An erroneous trading position caused Knight Capital Group Inc. to lose $440 million in the stock market earlier this week, making it the most recent company encountering trouble due to glitches.

Trading glitch causes company to lose $440 million

An erroneous trading position erased $440 million of Knight Capital Group Inc's capital yesterday in the stock market, and brought the company's shares to lose over half of its value, according to Reuters. Specifically, the shares fell below 53 percent, hitting a record-low of $3.24.

Knight, one of the largest firms that buys and sells stocks to provide liquidity to the markets, has already approached JPMorgan for emergency funding, as reported by Fox News, but it is not yet clear if that funding will come through.

This is not, however, the only trading glitch that has happened recently. Facebook's initial public offering encountered difficulties and then there was the 2010 "flash crash" where the Dow plunged nearly 1,000 points but recovered the losses within minutes.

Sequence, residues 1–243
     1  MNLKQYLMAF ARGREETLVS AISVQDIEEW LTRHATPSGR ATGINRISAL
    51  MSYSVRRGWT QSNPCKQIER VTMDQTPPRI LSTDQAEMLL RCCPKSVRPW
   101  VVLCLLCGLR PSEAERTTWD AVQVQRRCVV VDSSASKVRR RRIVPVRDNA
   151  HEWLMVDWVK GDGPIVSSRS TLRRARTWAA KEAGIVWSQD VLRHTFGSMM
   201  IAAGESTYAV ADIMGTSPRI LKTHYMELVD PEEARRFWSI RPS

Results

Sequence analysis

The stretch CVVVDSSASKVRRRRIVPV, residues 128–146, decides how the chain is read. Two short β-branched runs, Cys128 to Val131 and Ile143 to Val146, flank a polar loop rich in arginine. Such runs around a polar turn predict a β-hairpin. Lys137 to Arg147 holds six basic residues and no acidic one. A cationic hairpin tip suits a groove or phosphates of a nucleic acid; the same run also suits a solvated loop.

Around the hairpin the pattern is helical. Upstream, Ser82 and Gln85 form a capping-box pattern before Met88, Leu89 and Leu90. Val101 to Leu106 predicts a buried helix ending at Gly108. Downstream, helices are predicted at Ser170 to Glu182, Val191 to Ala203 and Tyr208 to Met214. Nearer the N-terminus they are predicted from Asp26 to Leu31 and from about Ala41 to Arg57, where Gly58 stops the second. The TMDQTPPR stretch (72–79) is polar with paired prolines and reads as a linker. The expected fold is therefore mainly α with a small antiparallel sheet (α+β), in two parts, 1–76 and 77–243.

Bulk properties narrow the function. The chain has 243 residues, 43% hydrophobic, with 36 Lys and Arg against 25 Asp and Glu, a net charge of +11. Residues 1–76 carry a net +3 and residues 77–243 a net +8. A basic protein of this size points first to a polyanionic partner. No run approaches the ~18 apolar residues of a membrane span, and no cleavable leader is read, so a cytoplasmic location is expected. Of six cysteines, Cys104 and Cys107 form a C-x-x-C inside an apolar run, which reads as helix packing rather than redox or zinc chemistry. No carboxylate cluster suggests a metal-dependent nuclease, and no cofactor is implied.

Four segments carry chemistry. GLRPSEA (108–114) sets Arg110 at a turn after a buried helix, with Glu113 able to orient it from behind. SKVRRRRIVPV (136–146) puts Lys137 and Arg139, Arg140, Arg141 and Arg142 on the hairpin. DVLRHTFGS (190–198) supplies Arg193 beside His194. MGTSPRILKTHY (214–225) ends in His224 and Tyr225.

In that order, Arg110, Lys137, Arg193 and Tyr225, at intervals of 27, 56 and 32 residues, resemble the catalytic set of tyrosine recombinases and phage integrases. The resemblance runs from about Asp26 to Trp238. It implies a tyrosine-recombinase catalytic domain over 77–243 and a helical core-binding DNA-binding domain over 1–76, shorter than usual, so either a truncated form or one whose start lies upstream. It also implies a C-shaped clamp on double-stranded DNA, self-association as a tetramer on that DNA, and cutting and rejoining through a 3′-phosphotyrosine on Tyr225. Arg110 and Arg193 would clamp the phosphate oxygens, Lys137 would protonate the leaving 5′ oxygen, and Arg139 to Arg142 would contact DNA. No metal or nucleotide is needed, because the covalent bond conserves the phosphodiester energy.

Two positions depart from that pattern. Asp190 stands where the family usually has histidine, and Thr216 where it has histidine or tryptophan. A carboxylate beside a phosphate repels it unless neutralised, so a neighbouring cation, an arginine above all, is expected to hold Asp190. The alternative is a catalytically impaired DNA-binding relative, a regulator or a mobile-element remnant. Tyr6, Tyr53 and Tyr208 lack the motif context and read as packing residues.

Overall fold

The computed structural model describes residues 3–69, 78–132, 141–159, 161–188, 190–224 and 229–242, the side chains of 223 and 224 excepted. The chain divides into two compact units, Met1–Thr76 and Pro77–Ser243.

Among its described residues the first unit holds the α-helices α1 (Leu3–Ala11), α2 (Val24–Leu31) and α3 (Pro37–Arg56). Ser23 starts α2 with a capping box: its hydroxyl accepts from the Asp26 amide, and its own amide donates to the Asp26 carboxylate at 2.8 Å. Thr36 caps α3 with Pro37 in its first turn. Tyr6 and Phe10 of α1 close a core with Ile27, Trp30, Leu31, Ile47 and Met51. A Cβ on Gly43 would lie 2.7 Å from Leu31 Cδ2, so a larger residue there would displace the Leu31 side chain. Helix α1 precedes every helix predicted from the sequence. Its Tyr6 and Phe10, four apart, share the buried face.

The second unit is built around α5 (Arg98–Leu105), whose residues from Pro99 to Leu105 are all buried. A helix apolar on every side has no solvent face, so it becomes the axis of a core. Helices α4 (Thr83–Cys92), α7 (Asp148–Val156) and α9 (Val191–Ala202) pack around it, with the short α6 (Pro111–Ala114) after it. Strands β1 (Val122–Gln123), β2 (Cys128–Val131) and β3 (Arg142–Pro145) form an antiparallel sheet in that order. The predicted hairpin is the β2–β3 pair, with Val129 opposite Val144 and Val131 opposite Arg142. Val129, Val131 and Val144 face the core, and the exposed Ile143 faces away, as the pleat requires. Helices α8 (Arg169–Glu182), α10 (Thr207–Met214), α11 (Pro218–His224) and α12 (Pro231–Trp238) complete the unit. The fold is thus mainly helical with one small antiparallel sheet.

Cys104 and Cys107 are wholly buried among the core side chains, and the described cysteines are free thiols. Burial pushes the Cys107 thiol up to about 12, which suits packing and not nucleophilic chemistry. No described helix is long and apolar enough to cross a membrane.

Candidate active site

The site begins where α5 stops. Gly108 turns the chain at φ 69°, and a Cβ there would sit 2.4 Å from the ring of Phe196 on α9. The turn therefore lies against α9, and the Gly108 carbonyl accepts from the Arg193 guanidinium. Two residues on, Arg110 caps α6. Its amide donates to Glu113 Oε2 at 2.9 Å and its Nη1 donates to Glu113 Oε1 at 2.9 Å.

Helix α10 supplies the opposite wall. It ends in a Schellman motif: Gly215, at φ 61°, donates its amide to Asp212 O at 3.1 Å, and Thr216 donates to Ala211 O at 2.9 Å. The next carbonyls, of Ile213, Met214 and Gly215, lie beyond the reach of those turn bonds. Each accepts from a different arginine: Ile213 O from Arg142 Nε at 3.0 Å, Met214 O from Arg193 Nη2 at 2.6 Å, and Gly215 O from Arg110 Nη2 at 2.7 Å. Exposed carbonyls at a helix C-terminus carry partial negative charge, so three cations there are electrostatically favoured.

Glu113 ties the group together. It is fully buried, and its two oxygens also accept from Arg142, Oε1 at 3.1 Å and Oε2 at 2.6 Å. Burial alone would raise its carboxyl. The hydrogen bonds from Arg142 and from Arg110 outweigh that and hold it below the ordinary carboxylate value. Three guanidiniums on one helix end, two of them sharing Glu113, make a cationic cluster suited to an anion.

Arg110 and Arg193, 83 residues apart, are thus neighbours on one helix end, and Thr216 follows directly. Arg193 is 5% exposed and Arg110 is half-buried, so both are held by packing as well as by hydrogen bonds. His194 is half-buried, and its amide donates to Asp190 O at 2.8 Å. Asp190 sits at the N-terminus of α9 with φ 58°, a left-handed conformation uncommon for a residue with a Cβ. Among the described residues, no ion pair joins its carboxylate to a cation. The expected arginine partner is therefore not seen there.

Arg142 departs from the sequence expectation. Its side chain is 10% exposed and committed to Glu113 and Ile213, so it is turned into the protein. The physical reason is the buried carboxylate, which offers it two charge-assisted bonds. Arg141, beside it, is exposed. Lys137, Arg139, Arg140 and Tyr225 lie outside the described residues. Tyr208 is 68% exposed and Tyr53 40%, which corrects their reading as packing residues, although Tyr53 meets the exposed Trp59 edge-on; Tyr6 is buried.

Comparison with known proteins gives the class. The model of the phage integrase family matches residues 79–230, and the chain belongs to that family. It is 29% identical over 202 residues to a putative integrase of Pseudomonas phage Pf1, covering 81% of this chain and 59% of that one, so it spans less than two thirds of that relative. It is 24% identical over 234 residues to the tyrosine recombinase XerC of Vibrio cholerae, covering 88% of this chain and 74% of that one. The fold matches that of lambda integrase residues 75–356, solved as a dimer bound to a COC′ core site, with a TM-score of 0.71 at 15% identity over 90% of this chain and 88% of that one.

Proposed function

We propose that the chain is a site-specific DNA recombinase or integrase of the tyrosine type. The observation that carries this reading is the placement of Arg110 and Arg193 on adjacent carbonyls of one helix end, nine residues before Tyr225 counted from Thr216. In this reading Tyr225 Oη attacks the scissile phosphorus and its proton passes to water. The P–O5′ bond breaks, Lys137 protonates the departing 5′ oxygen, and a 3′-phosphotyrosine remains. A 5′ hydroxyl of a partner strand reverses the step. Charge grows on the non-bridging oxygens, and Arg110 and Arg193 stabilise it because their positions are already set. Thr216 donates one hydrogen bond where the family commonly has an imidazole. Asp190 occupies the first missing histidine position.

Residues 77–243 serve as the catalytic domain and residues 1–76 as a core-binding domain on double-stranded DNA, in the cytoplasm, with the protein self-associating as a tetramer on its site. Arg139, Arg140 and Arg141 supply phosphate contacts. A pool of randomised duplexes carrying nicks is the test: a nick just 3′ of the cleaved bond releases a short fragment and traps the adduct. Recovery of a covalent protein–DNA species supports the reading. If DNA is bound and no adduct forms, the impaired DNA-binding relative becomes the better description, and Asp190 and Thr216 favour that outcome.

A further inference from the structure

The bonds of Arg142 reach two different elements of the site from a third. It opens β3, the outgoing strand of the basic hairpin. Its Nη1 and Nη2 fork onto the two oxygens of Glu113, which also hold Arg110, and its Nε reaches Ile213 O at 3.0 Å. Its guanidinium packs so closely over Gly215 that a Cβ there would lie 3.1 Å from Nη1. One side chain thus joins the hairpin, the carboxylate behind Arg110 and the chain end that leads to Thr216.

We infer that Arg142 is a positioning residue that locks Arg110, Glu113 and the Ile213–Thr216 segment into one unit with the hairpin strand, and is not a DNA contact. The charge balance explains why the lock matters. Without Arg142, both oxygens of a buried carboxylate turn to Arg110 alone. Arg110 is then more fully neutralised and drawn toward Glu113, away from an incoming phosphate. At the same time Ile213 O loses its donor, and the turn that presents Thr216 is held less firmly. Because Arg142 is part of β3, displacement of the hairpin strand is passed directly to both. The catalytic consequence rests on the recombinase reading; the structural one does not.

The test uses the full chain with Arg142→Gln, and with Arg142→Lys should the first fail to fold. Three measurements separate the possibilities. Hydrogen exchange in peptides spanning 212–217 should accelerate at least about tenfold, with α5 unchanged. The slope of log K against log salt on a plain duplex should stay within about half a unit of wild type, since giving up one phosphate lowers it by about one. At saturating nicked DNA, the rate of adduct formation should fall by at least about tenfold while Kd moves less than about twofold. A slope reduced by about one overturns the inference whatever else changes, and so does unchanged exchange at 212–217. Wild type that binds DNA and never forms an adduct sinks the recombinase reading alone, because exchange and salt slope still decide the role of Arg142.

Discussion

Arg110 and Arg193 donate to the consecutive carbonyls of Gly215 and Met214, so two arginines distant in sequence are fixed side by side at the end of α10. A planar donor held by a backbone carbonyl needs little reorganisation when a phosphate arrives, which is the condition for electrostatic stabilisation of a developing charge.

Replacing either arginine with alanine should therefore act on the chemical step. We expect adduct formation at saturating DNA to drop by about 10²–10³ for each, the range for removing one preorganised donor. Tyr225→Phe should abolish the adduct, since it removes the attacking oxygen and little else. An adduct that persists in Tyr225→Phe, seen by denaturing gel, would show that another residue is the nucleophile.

Joe Anastasio, a founding partner of financial services consulting firm Capco that specializes in stock trading, said that the human control is beginning to get lost in the business.

"We've been so focused on automated throughput of orders and high-volume execution with no human intervention that we have lost the human logic factor when things go wrong," Anastasio said to the news source.

In addition, millions of orders build up overnight for automatic execution at the start of trading in the morning, Anastasio said, which creates a rush of bad trades from one single error.

While mistakes are bound to happen within any organization, either from human error or otherwise, it is important for companies to find an effective way to recover. Facebook, for example, is still a billion dollar business, even in the wake of its public trading problems.

Companies could further ensure their longevity by working with a business continuity consultant, as these professionals will be able to help create a plan of action to prepare for multiple types of disruptions.